An example of a lack of internal controls with a disastrous result was the bond trading loss in the New York Office of Daiwa Bank in 1995. Over eleven years thirty thousand unauthorized trades were made resulting in a $1.1 billion loss (an average of $400,000 in losses for every trading day). Daiwa allowed Toshihide Iguchi, a bond trader, to authorize sales, have custody of the bond assets and record these transactions. As a novice trader Iguchi misjudged the bond market, racking up a $200,000 loss. To raise cash to pay Daiwaâ€™s brokers, Iguchi would order Bankers Trust New York to sell bonds held in Daiwaâ€™s account. The statements from Bankerâ€™s Trust came to Iguchi who forged duplicates, complete with bond numbers and maturity dates, to make it look as if Bankerâ€™s Trust still held the bonds he had sold. When he confessed to his misdeeds, the Daiwa thought their bond account was $4.6 billion when in fact only $3.5 billion was left. Inadequate review of internal controls was also to blame. Daiwaâ€™s internal auditors had reviewed the New York branch several times since the fraud began, but Bankerâ€™s Trust was never contacted for confirmation of Daiwaâ€™s bank statements. If they had, Iguchiâ€™s fraud would have been exposed. Daiwaâ€™s external auditor never audited the New York branch.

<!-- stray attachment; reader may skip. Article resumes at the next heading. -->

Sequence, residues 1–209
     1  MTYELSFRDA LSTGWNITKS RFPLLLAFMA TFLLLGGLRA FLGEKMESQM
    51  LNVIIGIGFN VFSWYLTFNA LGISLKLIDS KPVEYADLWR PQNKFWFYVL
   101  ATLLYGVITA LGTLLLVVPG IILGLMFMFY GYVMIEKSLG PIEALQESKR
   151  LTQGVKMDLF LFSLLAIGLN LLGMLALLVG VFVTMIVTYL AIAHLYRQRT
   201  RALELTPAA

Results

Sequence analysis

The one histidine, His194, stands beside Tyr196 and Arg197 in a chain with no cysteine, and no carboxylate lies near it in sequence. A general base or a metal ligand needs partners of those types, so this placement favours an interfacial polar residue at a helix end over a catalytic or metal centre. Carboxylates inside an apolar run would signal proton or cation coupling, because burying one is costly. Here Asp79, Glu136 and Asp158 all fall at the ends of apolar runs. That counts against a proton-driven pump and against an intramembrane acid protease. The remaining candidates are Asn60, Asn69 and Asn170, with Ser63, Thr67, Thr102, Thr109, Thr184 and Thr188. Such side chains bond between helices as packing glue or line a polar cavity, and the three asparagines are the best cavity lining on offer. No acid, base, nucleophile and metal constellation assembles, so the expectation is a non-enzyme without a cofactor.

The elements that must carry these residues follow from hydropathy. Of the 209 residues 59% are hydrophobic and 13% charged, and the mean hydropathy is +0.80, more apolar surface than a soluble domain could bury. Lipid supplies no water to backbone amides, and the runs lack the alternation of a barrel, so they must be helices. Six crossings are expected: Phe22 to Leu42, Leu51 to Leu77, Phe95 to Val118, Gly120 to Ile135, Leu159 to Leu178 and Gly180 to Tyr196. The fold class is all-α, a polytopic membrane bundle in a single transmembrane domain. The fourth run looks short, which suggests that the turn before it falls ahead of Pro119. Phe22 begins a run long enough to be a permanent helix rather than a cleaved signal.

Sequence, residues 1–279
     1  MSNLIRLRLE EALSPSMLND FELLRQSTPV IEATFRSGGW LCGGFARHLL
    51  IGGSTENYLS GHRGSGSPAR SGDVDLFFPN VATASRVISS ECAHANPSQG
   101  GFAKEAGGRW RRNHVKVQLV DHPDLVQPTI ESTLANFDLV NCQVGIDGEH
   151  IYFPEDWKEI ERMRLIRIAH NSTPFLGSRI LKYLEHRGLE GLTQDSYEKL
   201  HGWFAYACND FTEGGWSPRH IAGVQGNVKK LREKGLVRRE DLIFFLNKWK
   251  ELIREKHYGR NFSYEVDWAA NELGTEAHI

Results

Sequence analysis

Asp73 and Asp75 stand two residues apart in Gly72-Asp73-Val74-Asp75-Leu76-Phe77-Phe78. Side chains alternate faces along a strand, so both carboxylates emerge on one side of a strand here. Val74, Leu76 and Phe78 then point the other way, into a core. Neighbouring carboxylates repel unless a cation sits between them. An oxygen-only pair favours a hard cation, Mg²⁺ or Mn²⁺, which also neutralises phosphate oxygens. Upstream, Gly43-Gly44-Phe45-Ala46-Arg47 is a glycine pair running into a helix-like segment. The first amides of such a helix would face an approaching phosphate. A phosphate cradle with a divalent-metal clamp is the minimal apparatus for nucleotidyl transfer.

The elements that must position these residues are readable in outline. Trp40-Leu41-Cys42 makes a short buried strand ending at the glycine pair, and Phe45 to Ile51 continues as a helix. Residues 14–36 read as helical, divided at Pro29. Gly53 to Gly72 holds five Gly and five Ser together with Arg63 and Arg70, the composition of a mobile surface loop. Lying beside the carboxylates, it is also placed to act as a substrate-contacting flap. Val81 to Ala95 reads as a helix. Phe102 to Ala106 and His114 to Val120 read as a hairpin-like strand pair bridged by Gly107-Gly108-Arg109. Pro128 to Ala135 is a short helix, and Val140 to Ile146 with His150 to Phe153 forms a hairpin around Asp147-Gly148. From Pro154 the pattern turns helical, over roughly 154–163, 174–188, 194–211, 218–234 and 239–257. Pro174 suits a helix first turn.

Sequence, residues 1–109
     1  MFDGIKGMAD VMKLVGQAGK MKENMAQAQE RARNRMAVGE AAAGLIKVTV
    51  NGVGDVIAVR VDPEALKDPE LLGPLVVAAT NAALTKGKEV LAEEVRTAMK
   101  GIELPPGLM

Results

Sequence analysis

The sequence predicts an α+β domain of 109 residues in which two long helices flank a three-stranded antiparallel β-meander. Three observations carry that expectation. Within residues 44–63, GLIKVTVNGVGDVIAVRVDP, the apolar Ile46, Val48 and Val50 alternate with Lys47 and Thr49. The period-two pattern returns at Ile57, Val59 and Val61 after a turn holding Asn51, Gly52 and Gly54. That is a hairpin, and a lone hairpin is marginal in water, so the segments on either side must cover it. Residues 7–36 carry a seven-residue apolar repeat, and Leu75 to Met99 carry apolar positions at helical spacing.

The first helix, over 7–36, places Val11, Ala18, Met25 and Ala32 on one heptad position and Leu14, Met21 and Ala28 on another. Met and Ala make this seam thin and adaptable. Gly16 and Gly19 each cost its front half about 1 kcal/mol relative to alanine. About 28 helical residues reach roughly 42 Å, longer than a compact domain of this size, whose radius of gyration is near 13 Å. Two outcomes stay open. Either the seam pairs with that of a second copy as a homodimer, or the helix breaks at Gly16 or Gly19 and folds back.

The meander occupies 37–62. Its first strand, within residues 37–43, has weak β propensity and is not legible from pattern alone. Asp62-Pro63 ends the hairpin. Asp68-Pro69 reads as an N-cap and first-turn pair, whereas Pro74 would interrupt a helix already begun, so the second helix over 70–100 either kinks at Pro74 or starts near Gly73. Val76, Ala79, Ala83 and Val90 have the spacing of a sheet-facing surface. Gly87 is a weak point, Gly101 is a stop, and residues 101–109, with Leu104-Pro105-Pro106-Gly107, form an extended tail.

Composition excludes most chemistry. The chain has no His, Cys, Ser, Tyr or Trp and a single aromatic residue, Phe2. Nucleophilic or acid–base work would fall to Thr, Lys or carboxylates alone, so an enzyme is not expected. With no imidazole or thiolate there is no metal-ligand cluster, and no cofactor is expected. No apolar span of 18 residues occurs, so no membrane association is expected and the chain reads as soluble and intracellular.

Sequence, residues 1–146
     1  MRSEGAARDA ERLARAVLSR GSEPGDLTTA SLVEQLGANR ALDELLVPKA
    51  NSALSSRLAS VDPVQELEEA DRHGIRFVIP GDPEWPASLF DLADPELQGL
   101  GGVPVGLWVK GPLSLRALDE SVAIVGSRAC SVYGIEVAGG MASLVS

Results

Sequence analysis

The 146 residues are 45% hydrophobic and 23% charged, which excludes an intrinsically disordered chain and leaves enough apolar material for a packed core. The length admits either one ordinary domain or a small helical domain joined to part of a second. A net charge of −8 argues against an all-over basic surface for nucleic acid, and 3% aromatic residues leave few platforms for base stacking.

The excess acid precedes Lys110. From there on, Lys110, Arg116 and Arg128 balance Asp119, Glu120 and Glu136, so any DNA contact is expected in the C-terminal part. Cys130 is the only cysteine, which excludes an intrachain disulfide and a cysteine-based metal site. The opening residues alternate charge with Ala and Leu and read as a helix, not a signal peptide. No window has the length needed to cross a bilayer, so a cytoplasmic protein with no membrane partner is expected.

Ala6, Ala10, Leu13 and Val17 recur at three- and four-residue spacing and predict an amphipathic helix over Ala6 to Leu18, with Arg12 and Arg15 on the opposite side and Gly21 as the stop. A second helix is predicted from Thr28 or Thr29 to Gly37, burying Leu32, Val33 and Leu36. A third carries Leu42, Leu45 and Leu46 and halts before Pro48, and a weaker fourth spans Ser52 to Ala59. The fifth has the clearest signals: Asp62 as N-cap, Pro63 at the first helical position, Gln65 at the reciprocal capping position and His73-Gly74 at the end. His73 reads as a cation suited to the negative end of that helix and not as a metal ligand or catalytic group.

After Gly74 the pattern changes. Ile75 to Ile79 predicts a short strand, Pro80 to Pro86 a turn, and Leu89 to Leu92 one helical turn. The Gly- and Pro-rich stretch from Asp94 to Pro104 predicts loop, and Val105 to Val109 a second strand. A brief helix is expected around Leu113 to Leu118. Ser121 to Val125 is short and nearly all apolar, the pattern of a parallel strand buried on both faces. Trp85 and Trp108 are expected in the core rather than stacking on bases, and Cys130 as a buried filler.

1) What type of control procedures were ignored at Daiwa? And What kind of controls could have been instituted that would have prevented the problems at Daiwa?